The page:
In my life I have thought of killing myself hundreds of times. For me, it was my want to no longer be a burden to my family, no longer wanting to live as a prisoner of my own mind, and it started not long after I was diagnosed with mental-health conditions.
It was the overwhelming feeling of no longer being “normal,” the lack of understanding and support from my family, along with my own judgments about myself. I did not know who I was anymore, and the world got smaller and smaller to the point of me no longer being able to leave my own home.
As a very young agoraphobic mother, I tried to pour all of myself into my children, and my home, because it was all I had really. The days consisted of routines; I clung to them like a life raft. Nights were the hardest for me, and it was in those hours of darkness and stillness that my mind would also head into the abyss.
The pain I was in was not physical but mental, which I could not escape, and I was riddled with misery and despair. Death seemed like it would be a relief; all the hurt would go away. My family would no longer have to deal with me. They could move on and live better lives without me holding them back.
I tried therapy here and there over the course of the last 20 years. It wasn’t until just a few years ago I actually decided what I needed was to be more consistent with treatment, I needed a solid support system, I needed to better understand my conditions, get more educated about them, and last but not least, I had to start talking about it.
It was in being more open and having others relate and validate me, sharing their own stories, that I found myself empowered to do more, to help others stop suffering in silence.
The problem is, we do not have enough resources, support, and understanding when it comes to mental-health and preventing suicide. This is especially true in rural areas like ours. Nine people in Imperial County died by suicide in 2018, according to California Department of Public Health, the last available year for that data.
In a small community like ours, people talk, but why do they not speak about suicide more? The reason is simple: it is stigma, and not wanting to talk about these taboo subjects.
Let me give you some national statistics to put it into perspective. In 2020, 44,834 people died by suicide. That means that on average we lost 130 Americans every day, about 18 of those were veterans. It is the 10th-leading cause of death in the United States, with an estimated 1.38 million suicide attempts a year.
Some evidence suggests that the rate of suicidal thoughts have been increasing due to the COVID-19 pandemic, especially in younger adults and youths. So, at this point you might be wondering what you can do to help?
Well, it starts with better understanding of causes of suicide and mental-health issues. It’s time to start these conversations around your kitchen table, at church, in school, and at work. It is through conversations, asking the tough question — “are you thinking about killing yourself?” — that can literally save a person’s life.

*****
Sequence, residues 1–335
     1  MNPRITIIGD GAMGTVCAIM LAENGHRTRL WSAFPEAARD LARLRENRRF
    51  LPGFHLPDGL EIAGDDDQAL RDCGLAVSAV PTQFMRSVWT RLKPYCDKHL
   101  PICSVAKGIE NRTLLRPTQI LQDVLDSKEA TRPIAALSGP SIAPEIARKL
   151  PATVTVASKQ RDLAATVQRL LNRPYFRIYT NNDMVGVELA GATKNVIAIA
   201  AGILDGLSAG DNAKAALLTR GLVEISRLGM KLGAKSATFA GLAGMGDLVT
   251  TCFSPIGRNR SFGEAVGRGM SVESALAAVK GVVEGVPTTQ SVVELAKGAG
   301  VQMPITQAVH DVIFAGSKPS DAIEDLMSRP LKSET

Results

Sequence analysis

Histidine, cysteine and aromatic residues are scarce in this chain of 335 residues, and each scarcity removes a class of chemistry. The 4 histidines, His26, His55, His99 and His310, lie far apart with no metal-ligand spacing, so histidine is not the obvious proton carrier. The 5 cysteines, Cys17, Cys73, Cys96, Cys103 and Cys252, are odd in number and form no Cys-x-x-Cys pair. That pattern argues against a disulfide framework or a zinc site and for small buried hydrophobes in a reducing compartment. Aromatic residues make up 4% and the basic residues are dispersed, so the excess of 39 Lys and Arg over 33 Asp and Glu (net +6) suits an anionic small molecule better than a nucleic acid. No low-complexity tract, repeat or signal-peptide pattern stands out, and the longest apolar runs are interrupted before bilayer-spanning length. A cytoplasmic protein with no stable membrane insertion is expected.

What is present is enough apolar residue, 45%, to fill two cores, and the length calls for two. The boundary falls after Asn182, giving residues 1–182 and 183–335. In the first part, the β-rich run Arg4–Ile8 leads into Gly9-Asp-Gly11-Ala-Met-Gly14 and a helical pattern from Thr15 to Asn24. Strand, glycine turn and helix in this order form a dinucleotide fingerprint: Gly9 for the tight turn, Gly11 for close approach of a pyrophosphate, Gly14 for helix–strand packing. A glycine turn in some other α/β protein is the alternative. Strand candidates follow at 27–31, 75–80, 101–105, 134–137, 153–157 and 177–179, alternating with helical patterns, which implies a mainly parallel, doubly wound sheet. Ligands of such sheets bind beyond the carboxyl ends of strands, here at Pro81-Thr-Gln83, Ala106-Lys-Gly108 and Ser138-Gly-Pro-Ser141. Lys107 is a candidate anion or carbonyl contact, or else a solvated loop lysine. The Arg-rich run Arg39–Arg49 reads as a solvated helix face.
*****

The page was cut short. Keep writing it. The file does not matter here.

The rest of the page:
When we show support and empathy, we can help to prevent suicide. It is not easy, but if all of us do this, we can help so many decide to STAY! The feeling of just knowing you are not alone can really save lives.
I have started a “Post-It Project” for Suicide Prevention Awareness Month (and this week is National Suicide Prevention Week which ends Sunday, Sept. 12), to spread empathy and positivity one Post-It note at a time. here locally, spreading empathy & positivity one Post-It at a time. This is a movement that has been seen all around the world. I was inspired after seeing a fellow mental-health advocate and peer do this across the pond in London.
The idea is, people would see these Post-It’s and share them on social media, and it was amazing. So many were touched by her act of kindness. There was also the Orange Project which had the goal to share 50,000 handwritten notes of hope with students around the globe. It touched the lives of thousands of kids and provided awareness and support for suicide prevention.
My version is a small gesture that will hopefully have an impact. With all the uncertainty in the world — COVID, social unrest, and natural disasters, to name a few — we could all use a little hope, empathy, and positivity. There is power in our words and actions My hope is that more people will join in and take part as I am and so many others before me.
Lastly, there is support out there. If you know someone is struggling, please encourage them to reach out for support either by talking to you, a friend, a parent, a teacher, joining a support group, or reaching out to a hotline. Some great ones include the National Suicide Prevention Lifeline at 1-800-273-8255, CrisisTextLine, text HELP to 741-741, for our LGBTQ+ community, there’s The Trevor Project at 1-866-488-7386 or Trevor Text, text TREVOR to 1-202-304-1200, and for our veterans, there’s the Veterans Crisis Line at 1-800-273-8255; press 1.
For support groups, the National Alliance on Mental Illness San Diego and Imperial Counties has them available online every week for both peers and family members of those living with mental-health challenges. You can access them by going to the website https://namisandiego.org/calendar/.
Remember the world is a better place with YOU in it, so please stay.
Brianna N. Castro of El Centro is a Peer & Family Support Specialist, Certified Crisis Counselor and National Alliance on Mental Illness Connections support group facilitator for NAMI San Diego and Imperial Counties. Notice the semicolon tattoo in Brianna’s photo; the punctuation mark has become the universal symbol for those who have struggled with and overcome mental-health issues, including anxiety, depression, addiction, thoughts or attempts at suicide, and self-injury.